Tell us about Pole Expo. How challenging is to organize the biggest event in pole dance history and what is your favorite part about?

Putting together Pole Expo and all its elements was a massive task. For the first Pole Expo I started planning 18 months out as I really didn’t know what I was doing. I remember turning on my computer and thinking to myself, well I need to start somewhere, and I just begin typing. Typing the name, date, and what I wanted people to experience, and Pole Expo grew from there. I got a tattoo on my left arm as motivation to do a little every day to help me reach my goals “There are no shortcuts to any place worth going.”

My favorite part,… well I have many! I enjoy connecting with the instructors and students both in the months leading up and in person during the Expo weekend. I enjoy seeing Expo Passes and Workshops selling, not going to lie! It’s a huge investment putting on a production this large and the first year I lost $28,000 Today Pole Expo has grown to be a very successful and important event to attend for studio owners, product supplies and the very enthusiastic and students and teachers from all over the world.


You have taught Britney Spears how to pole dance. How was the experience?

The first 20 minutes I was a little in shock but did my best to keep myself in check and treat her with a happy class experience as I do with everyone else. Then I just had to ask her, “ok what are you really here for?” Her reply was “I want to learn how to go side ways.” As she motioned what resembled a flag or iron-x on the pole. Britney was quickly humbled but I did what I could to teach her a few moves that would be attainable before her ambitious iron-x.

Overall Britney was very quite and sweet. She came to Pole Fitness Studio with a friend who was really excited to be there. I hope they return for more privates, or perhaps Britney will invite me to teach her at her place.

What will you change to make the pole dancing experience/community better?

At Pole Fitness Studio we are working towards starting a kids fitness program called Pole Fitness 4 Kids! Teaching fitness and encouraging our youth to move will have a profound impact on America’s future. Sure my studio is meniscal in size when compared to other fitness facilities but we will proudly touch the young lives of those who walk through our doors. In fact, I think studios, where fitness is a core value, should include a program for children to learn and be creative and passionate about dance and fitness.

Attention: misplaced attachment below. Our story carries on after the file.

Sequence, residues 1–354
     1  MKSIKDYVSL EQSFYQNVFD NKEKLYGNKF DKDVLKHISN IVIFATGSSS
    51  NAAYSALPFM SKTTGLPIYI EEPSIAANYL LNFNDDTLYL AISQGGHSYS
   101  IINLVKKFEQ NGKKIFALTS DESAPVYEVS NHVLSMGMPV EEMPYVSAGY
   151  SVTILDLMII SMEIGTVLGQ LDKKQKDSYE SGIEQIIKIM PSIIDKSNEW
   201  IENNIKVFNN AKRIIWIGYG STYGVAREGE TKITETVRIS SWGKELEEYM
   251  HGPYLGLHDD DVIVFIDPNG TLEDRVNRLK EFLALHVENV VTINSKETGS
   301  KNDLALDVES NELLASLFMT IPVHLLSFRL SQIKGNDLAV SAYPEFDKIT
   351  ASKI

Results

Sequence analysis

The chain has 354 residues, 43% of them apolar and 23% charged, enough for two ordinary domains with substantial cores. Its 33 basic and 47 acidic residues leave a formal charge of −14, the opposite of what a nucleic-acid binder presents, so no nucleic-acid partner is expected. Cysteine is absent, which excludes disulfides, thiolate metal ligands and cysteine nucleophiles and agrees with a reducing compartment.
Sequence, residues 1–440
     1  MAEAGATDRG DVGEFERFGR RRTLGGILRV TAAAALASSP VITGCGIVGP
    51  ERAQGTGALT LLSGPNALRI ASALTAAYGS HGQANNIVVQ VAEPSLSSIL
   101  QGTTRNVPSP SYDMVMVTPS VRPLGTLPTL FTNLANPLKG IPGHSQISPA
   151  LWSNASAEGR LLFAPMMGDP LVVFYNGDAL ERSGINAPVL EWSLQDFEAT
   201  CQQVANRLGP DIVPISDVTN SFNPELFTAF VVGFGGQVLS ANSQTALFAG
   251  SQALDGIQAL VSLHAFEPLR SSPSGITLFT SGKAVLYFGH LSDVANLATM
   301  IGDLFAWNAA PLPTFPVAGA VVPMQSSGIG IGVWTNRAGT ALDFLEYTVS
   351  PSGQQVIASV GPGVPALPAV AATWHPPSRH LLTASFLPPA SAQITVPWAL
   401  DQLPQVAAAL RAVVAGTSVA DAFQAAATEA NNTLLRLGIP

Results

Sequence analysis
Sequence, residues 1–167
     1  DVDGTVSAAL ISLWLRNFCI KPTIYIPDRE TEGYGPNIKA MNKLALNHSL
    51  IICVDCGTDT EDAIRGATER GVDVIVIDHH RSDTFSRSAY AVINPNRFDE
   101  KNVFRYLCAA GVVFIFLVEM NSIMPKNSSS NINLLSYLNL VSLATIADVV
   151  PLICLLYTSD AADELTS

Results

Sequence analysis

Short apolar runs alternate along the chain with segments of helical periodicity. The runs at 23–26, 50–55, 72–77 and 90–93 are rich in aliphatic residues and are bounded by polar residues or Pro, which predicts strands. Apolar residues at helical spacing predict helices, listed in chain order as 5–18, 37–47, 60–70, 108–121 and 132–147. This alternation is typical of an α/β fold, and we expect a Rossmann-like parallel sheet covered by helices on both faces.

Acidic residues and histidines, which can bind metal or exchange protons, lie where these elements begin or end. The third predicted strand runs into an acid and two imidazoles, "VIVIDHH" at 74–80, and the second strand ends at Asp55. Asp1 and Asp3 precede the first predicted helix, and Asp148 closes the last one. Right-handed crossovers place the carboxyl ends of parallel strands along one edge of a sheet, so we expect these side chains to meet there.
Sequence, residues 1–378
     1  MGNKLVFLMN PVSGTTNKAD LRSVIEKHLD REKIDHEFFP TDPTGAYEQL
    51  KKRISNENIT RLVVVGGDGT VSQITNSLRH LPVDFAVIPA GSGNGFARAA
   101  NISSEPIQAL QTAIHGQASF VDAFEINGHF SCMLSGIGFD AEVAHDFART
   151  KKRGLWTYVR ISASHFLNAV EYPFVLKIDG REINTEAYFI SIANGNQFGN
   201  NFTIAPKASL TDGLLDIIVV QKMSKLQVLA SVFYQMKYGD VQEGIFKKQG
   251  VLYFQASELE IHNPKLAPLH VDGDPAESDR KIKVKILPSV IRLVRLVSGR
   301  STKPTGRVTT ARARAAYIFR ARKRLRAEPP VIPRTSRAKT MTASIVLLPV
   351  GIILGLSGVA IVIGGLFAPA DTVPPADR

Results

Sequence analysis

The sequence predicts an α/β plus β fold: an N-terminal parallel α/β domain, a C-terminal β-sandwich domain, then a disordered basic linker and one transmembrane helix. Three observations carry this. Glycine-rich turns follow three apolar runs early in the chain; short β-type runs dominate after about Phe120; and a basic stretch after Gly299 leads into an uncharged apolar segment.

At UNLV I will continue to speak to the Dance 103 class each semester, about the history of pole fitness and our future. It’s very rewarding to see the students’ pole awareness increase each year, from not knowing a vertical pole is used for fitness, to hearing from students who have a pole in their homes to learning that pole fitness may one day be an Olympic sport!

I think collectively, all of us being who we are, loving pole, sharing our passion with family and friends on a day to day basis is having a profound impact on societies opinion of pole dancing. It’s important that we stand proud for what makes us happy.


Where do you see pole dance in 10 years?

Pole Fitness will continue to grow in popularity, and will be more accessible to both youth and men. In fact I think more men will be open to trying pole fitness without the stigma of, “oh he must be gay,” or “why is HE taking pole dancing classes, is he a stripper?”

Will Pole Sport be in the Olympics? It’s possible!

What do you know about Greece?

I know that Greece is a place I have always wanted to visit. I love blue and white together and I love feta cheese… but there is much more to Greece that color and food, right? I will one day find out for myself!

5. Fawnia 2014

What else would you like people to know about your job/career?

In my spare time I am writing a book about my personal life. My world has been rather complicated the last year, and with its intensity I felt this overwhelming out pouring of emotion that has made its way to paper. Next year you can get a copy to read.

In the mean time I hope you all will join us at the Hard Rock for the 4th annual Pole Expo in Las Vegas!

About the author

Vertical Wise

The international website working to support and spread the word about the pole and aerial fitness